You probably don’t know me, but my name is Kate and I am nine years old. I live on Earth, which is the third planet from the sun of our solar system. Earth is about 4.5 billion years old (although not everyone who lives here believes that). We call our sun “the Sun,” and our scientists give all the other stars we can see in the night sky other names. A few hundred of the brightest stars have cool names like “Aldebaran,” “Sirius,” and “Yed Posterior,” but the rest have names that are just combinations of letters and numbers, like yours.
On Earth, most people like having money, which is used to buy things that we need or just want. People on Earth use money to buy food, clothing, and gasoline, which is a refined form of petroleum, which is itself a fossil fuel formed by natural processes such as anaerobic decomposition of buried dead organisms that have been underground for as many as 650 million years (although not everyone who lives here and uses gasoline believes that). People also use money to buy things they want, such as toys and games and candy, and even things that are completely ridiculous, like the illusory privilege of naming a star for someone, even though such naming is not recognized by any scientific authority, according to my brother, who is sort of a nerd.
My uncle Brian, who is my mom’s sister and who does not have any children and who is not even married, gave me a special gift for my birthday last November. It was a very fancy piece of paper that said that he had paid money to name a star — the one scientists call “ASASSN-15lh” — after me, and that now I could point to the sky and tell my friends that the star is called “Kate.” My mom said that I would probably need to use a telescope, though. My brother laughed and said that I would need something called a “Ritchey-Chrétien telescope with a Gascoigne corrector lens,” which costs millions of dollars. My dad said that if my Uncle Brian ever looked through a telescope in his life it was probably to watch his neighbors get undressed, and then my mom told my dad to be quiet and let me enjoy my birthday present.
The very next time we had Show and Tell at school, I showed my class my certificate and told them about you, and the other kids seemed impressed. My teacher, Ms. Strohmenger, said she thought that she might have already paid to name you after one of her cats, three years earlier around Valentine’s Day, and she made a photocopy of my certificate because she wanted to “look into it,” but then she never mentioned it again so her cat’s star must be a different one, which I’m sure she’s happy about, for the obvious reason. This bring me to the question that has been bothering me recently.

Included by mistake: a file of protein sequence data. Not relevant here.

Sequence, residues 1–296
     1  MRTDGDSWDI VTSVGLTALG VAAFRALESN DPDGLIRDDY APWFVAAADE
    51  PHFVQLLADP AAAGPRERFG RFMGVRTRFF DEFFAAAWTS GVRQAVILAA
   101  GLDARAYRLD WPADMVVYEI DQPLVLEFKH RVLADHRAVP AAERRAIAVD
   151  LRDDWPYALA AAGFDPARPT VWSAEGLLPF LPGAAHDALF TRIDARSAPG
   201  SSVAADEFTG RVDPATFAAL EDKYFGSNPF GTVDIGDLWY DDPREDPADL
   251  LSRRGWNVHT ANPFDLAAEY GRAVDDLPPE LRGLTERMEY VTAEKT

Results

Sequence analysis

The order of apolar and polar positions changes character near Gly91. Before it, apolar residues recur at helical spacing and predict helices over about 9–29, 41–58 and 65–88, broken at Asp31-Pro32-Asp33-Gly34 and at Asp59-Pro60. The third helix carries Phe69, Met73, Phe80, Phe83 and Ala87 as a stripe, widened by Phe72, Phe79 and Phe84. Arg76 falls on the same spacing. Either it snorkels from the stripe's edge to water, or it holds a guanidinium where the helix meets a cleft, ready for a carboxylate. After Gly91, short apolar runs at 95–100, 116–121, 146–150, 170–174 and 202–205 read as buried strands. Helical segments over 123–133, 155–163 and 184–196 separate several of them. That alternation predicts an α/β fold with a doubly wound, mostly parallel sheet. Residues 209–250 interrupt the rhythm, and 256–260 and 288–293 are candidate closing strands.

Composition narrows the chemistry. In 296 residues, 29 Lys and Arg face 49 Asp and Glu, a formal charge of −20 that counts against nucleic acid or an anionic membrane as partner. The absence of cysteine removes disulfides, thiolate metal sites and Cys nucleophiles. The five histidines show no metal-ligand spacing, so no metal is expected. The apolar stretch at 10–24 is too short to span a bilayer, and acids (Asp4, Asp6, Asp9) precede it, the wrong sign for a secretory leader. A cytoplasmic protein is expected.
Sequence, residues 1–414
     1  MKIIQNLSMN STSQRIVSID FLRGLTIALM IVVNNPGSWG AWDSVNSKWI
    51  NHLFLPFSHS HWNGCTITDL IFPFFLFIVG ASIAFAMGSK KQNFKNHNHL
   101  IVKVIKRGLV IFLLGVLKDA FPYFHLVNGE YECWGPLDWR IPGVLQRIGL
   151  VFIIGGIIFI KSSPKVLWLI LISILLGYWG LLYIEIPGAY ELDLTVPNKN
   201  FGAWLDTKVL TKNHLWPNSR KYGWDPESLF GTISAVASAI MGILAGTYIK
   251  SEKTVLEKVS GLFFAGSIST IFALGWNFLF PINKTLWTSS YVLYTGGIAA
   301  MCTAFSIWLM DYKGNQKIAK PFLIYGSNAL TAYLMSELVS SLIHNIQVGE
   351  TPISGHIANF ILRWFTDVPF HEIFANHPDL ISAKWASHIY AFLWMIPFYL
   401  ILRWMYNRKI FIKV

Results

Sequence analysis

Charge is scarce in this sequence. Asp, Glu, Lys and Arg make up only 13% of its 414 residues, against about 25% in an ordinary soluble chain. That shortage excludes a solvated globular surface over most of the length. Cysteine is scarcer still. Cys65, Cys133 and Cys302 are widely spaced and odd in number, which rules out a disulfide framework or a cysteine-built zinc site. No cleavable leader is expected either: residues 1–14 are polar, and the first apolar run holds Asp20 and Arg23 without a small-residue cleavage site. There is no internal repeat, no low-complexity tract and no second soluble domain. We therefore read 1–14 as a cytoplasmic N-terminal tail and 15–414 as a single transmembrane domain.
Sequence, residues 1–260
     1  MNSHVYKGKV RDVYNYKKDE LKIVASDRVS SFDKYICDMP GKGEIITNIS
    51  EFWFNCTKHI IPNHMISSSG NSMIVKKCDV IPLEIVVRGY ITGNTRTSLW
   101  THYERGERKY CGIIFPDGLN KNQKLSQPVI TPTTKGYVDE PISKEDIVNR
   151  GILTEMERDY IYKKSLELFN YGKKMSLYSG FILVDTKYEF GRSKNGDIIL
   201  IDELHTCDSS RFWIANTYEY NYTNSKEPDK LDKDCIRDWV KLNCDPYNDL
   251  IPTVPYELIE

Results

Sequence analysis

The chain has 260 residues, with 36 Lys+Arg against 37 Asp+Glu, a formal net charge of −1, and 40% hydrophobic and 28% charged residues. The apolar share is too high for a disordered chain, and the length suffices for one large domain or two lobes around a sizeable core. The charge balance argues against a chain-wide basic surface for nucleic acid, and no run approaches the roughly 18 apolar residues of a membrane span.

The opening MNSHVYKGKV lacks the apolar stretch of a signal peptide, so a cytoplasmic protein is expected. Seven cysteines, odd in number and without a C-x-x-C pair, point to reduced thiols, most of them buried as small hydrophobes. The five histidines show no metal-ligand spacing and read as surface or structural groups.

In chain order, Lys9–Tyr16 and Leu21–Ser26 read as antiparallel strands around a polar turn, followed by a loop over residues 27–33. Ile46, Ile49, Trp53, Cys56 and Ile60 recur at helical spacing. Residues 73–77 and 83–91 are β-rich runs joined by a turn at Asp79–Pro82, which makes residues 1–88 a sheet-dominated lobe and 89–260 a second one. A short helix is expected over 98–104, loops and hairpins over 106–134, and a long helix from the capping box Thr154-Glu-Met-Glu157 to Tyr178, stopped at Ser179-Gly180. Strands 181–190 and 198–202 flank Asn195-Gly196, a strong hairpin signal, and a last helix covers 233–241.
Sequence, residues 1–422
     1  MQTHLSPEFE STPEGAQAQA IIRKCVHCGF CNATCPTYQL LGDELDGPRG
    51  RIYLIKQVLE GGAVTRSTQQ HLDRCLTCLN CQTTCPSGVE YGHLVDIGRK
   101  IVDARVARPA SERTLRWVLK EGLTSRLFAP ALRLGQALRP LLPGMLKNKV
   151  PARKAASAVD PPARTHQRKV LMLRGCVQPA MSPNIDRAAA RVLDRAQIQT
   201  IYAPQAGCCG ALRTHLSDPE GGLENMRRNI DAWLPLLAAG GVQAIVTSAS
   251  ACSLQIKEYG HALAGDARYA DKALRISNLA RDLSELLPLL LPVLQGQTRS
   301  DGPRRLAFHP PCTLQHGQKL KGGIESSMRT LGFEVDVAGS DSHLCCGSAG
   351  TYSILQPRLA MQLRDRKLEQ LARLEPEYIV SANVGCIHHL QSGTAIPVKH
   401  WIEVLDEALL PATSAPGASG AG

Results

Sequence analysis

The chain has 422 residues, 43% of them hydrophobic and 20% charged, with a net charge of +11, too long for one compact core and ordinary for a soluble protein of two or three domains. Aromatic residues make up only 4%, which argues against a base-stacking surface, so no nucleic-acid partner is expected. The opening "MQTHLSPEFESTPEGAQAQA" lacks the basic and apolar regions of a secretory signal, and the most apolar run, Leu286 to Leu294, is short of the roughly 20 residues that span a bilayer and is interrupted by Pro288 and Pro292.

Why did you explode?
A few weeks ago, my Uncle Brian called our house and asked to talk to me. He didn’t sound very happy, and after he asked me how I was doing and how I was enjoying my gymnastics classes, even though I’m on a soccer team now, and whether my brother was being nice to me, I think he started to cry a little, and then he told me that he was so sorry to tell me that you had exploded. He told me he’d just read that astronomers in Chile, which is a long, narrow country on a landmass in the Western Hemisphere and mostly the Southern Hemisphere of Earth, had observed evidence of a supernova at your location, using a Ritchey-Chrétien telescope with a Gascoigne corrector lens, as it happened. The explosion was scientifically significant, my brother later told me, because it is the most luminous supernova detected to date, at its brightest approximately 50 times more luminous than the whole Milky Way galaxy (which is where Earth is), with an energy flux 570 billion times greater than the Sun. But it’s important to me because we shared a name and now you’re gone.
I tried to find out for myself what made you blow up, and not in a good way, like when someone blows up on Twitter, which is an online social networking service that enables users to send and read short 140-character messages called “tweets” that we have here on Earth, but I found out that no one knows for sure what the reason was. Some scientists think it might have been the presence of very large quantities of decaying nickel-56, while others say it might have been the amplifying effects of a magnetar. My brother mentioned that your supernova was “hydrogen-poor.” Is that why you blew up? Because you were poor? Is hydrogen like money for stars? Did you not have enough hydrogen to buy the things you needed? What do stars need?
I hope you didn’t explode because you were ashamed of being named after me. I’m not a super-genius like my brother, and I’m not very good at soccer (and I wasn’t so good at gymnastics, which is why I stopped doing it), but my mom says I’m very funny and my dad says I’m pretty much his favorite person in the whole world, and I’m popular at school because I try to be nice to everybody and I stick up for my brother when the other kids want to give him wedgies when he corrects them about things. But maybe your ultra-energetic supernova was, as he thinks, a signature for the birth of a strange quark star. That sounds pretty cool, I think. And if you do return as a strange quark star, I hope you’ll consider calling yourself Strange Quark Star Kate, or at least letting us here on Earth call you that.
Matthew David Brozik is the author of the books Whimsy & Soda and Taking Ivy Seriously as well as numerous (mercifully) short pieces of humor and fiction. Read more at imdb.name. Follow him on Twitter but plan to be disappointed.
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